3 Tips for Empowering and Identifying Informal Leaders for Change Initiatives

3 Tips for Empowering and Identifying Informal Leaders for Change Initiatives

This article was updated on July 12, 2018.

Identifying informal leaders and empowering them to act as ambassadors of your new initiatives could be the missing ingredient for better change management. These individuals may not be in a supervisory or managerial role, but they're powerful agents for change. Gaining their support can be a crucial tool for a number of HR initiatives, including software adoption, policy updates or internal reorganization.

As Forbes writes, "every organization has people who influence and energize others without relying on their title or formal position." They may take one or more of the following forms:

  • Charismatic natural motivators
  • Well-respected veterans of your organization
  • Highly social communicators
  • Enthusiastic users of new technologies and ideas

According to Leader Today, there can be risk associated with these personality types, too. Because of their influence and skill, "they can function as barriers" if they don't buy in to change initiatives. So developing a system of collaboration with individuals of influence isn't just wise, it could spell the difference between a successful or failed attempt at change.

How to Identify Informal Leaders

It's relatively simple to identify formal leaders within your organization, but identifying informal leaders can be a bit more challenging. Pryor Learning Solutions notes that the appropriate individuals to seek out have often been with the organization for a long time, which can position them as a hub for organizational knowledge. In addition, they often have strong peer relationships, which can provide HR leaders with additional insight into the pulse of the organization. These individuals may also gain notice for their rapid adoption and near-perfect use of new technologies.

Not every type of informal leader is the right fit for your change initiative. Early adopters are a more logical choice for acting as evangelists for a new software, while veterans and communicators could be the right choice for policy changes.

Once you have identified who to lean on, here's how you can give them the power to be your internal champions of change.

1. Make it Official

If the HR team is debuting a new app, you shouldn't sit back and wait for your early adopters to run with the new technology, even if that approach has worked in the past. You should embolden those people by giving them education and support that leaves them with room to expand and enhance the innovation. When informal leaders are officially identified and asked to take responsibility for a change management initiative, the results will speak for themselves.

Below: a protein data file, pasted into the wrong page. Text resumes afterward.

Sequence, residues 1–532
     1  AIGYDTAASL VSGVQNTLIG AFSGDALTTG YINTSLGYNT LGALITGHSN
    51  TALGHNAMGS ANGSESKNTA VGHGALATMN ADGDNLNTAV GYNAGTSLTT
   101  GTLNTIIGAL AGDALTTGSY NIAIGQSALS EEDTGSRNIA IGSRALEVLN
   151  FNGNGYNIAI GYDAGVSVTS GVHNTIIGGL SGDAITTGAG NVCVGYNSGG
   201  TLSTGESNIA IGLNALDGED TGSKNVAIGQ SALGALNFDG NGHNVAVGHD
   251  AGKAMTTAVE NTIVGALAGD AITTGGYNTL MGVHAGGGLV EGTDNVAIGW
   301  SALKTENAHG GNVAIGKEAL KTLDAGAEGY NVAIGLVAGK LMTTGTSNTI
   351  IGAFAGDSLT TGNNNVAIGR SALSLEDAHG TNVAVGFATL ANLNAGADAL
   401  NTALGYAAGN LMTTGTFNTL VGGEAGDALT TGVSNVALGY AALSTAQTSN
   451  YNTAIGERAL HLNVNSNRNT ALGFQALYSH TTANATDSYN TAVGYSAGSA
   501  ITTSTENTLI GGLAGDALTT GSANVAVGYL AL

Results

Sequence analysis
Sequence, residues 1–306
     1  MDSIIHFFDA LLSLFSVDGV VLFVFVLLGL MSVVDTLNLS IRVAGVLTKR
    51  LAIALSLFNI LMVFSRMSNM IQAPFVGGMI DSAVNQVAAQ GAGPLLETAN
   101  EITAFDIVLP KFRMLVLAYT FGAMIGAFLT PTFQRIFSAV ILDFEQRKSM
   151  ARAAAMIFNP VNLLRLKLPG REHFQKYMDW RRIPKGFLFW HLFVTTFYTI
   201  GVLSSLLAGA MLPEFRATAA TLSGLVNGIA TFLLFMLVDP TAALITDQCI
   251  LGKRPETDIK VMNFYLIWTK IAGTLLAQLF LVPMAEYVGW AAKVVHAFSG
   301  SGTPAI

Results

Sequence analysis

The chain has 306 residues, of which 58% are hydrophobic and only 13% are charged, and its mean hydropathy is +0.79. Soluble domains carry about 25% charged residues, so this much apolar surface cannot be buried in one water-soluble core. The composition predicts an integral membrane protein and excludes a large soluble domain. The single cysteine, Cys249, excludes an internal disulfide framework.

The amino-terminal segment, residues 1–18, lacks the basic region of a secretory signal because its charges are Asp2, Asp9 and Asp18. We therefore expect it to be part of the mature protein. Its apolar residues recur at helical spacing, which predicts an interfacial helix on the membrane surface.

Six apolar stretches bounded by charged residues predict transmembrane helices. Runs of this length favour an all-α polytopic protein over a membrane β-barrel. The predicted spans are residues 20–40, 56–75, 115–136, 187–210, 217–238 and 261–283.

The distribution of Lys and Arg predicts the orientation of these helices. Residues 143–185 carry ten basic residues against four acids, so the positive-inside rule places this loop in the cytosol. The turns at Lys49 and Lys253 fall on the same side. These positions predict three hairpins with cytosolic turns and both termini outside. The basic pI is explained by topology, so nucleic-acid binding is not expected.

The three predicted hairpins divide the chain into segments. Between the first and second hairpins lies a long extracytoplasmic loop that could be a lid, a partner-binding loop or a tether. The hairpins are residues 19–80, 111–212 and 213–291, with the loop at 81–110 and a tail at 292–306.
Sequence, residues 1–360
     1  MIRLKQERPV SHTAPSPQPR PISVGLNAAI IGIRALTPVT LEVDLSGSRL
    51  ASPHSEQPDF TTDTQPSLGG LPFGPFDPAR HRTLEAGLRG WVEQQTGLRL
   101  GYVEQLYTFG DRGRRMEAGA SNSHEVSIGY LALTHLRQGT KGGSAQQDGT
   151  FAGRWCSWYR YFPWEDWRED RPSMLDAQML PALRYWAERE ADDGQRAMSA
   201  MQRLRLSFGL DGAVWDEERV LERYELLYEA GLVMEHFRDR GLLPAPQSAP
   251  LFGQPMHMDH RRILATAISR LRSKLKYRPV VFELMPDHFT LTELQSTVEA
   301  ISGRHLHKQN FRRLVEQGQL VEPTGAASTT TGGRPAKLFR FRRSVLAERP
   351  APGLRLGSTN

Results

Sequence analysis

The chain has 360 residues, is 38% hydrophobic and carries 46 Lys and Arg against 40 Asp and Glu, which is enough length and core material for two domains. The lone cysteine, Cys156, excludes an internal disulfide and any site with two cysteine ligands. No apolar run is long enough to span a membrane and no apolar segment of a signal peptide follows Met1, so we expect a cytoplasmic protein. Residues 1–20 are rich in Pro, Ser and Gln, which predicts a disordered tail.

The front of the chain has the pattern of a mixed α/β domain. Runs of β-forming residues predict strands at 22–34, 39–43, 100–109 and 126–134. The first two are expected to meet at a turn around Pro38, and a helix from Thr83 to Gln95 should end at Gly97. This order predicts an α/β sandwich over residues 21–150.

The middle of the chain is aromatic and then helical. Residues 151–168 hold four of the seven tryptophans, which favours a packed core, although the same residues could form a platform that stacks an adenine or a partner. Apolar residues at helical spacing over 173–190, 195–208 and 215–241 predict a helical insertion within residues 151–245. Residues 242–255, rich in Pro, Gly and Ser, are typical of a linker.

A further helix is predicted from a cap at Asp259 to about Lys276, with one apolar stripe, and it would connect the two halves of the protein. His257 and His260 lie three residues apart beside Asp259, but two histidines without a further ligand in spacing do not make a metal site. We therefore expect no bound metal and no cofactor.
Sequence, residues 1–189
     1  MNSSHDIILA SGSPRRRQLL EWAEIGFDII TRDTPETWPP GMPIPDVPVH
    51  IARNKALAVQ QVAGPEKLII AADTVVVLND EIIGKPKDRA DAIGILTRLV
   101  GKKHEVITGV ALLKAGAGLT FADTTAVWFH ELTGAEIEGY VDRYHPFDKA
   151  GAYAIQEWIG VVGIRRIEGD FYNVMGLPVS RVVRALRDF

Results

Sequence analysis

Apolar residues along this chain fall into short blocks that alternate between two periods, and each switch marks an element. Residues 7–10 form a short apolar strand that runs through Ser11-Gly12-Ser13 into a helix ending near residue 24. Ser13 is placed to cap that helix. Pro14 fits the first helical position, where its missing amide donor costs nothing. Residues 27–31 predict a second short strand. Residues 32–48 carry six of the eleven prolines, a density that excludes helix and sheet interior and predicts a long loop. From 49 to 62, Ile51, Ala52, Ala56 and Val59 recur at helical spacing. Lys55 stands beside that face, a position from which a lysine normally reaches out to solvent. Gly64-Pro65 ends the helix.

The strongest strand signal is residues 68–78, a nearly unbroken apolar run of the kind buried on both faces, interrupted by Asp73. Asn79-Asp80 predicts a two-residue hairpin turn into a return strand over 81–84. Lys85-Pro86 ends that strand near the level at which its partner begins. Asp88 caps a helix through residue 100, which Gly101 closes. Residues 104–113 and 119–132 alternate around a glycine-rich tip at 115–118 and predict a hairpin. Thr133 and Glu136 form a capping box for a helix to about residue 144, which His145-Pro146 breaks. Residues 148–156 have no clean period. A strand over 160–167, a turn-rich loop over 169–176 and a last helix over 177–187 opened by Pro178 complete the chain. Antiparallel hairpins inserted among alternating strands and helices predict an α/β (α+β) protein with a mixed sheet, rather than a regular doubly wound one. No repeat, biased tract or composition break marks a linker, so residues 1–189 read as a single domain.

2. Highlight Their Strengths

Your organization's Lead Network Infrastructure Engineer may have more IT knowledge than anyone else in-house, but loathes public speaking. By understanding your informal leaders' strengths and weaknesses and allowing them to define their own role, HR leaders can ensure that the change initiative is a positive experience for everyone involved. For example, according to Fortune, Axis communications, a midsized digital surveillance equipment manufacturer, lets "innovators 'own' their original concepts." Once the idea is approved, the person responsible is "assigned to oversee the project to completion" and given free rein to do so in whatever way they think is best.

3. Offer Rewards

Not every employee is motivated by public recognition. In fact, many individuals in an informal leadership capacity may have "atypical" types of rewards in mind. Your leaders may prefer intrinsic motivators, such as a sense of personal accomplishment, or they may prefer non-financial rewards instead of additional compensation. HR leaders should certainly reward informal leaders for their change support, but allow leaders to take a part in defining the best kind of reward for their personality type.

To create and encourage organizational change, HR leaders should consider enlisting the help of informal leaders to usher in that change. By working with individuals who possess skill or existing social influence, your influence with their colleagues will be amplified exponentially.